Scaly case of albino python Munchie ends well
It's enough to cause a hissy fit - a 3m Burmese python on the loose in a Johannesburg suburb.
For more than a month, terrified residents of Berario in Northcliff were on their toes after resident Hugo Erasmus announced on the neighbourhood Facebook page that his pet albino python Munchie had escaped.
Despite the sweltering heat, doors and windows were kept firmly shut in case the giant reptile slithered in for a surprise visit.
Aadil Davis, who lives four houses down, didn't see the post.
So when he stumbled across Munchie curled up in his back garden on Tuesday he was, understandably, shaken.
He beat a hasty retreat and phoned snake catcher Steve Ellis. Munchie was quickly bagged and tagged, but the drama didn't end there.
Davis's wife Raz posted his discovery on another community Facebook page.
News quickly got back to Erasmus that his beloved reptile had been found.
But when an overjoyed Erasmus contacted Ellis, he refused to hand over the slippery serpent, concerned that Erasmus had been negligent by not securing the snake.
It was only after Erasmus called on the Honeydew police to assist that Munchie was finally reunited with his main squeeze.
A relieved Erasmus told the Sunday Times he had been distraught when Munchie escaped from his 3m x 3m enclosure.
"People really freaked out when I posted this, but the response from residents has been great. Some even offered to help find my snake," he said.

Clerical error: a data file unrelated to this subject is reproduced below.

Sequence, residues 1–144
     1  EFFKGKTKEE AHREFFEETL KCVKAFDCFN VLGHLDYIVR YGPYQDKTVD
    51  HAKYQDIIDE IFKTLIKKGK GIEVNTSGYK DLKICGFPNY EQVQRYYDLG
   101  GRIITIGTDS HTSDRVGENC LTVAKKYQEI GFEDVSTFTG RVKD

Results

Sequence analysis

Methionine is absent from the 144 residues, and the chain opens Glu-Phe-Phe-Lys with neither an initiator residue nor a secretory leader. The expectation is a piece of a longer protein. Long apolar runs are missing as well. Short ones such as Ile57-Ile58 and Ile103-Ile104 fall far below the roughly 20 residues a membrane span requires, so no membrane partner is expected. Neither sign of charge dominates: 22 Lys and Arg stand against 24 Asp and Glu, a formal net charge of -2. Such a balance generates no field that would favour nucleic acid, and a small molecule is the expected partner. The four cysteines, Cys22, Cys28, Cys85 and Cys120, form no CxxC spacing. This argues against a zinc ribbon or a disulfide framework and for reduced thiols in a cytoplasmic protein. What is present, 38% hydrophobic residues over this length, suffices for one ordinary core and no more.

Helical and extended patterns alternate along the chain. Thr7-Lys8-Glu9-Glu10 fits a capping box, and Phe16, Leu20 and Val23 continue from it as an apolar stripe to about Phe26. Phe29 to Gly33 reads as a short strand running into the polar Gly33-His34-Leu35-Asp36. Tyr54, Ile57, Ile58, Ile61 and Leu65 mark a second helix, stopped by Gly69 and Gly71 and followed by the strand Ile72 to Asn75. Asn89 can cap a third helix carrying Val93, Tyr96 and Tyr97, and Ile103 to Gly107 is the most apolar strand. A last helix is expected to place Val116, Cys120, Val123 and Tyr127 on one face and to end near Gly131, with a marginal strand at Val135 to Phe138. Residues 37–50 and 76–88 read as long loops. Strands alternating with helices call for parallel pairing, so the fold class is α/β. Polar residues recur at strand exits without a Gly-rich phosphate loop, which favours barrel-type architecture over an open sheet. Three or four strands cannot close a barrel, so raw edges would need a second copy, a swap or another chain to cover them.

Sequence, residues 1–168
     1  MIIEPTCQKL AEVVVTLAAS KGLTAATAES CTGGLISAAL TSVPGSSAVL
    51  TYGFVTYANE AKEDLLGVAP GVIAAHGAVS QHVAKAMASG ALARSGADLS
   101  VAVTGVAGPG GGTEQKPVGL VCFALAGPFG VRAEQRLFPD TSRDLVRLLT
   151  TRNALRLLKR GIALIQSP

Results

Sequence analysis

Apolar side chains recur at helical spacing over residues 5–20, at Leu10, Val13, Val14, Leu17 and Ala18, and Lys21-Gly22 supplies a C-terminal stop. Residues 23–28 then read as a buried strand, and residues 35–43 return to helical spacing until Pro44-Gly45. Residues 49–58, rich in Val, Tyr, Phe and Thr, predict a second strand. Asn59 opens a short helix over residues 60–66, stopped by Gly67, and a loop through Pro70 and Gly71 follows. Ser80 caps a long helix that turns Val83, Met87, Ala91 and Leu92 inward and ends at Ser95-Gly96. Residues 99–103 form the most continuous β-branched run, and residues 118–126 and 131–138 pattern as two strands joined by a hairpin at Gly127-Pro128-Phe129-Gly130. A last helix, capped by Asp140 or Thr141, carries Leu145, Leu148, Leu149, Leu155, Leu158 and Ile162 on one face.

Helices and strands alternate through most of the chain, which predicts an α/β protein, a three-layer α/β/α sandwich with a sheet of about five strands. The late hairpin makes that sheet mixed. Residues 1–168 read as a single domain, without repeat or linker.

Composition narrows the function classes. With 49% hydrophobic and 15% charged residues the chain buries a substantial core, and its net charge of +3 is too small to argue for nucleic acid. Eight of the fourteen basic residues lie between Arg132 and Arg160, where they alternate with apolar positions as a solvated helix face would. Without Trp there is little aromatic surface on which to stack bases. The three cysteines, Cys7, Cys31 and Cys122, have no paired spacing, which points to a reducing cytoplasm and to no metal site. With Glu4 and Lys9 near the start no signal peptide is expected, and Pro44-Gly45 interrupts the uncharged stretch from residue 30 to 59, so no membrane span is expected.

Neighbour Nomfundo Khumalo said she had been living in fear and keeping her windows closed.
"Ever since I saw that message, I haven't sat in my garden or walked on the street because you never know where you could bump into that snake," she said.
Another neighbour, 83-year-old Yvonne Swanepoel, said she had been praying that Munchie would be found by "a good person who would not kill him".
Davis said he had found the snake after his dogs were "barking endlessly".
"It was a real shock. I spotted a huge yellow thing in the bushes," he said. He joked that the upside to Munchie's escape was that "rats in the area have disappeared".
Ellis told the Sunday Times he had been reluctant to give the snake back to Erasmus because he felt he had been irresponsible.
"That is a big and dangerous animal and it can do huge damage to young kids and animals. Imagine if it ate a dog.
"I just wanted him to take responsibility for his action and know that owning such a dangerous animal comes with a great responsibility," he said.
When the Sunday Times visited Erasmus this week, Munchie was back in his enclosure, which has a water feature with rocks.
Erasmus said he suspects Munchie escaped through the window. He has come up with other ventilation options to make sure the snake does not escape again.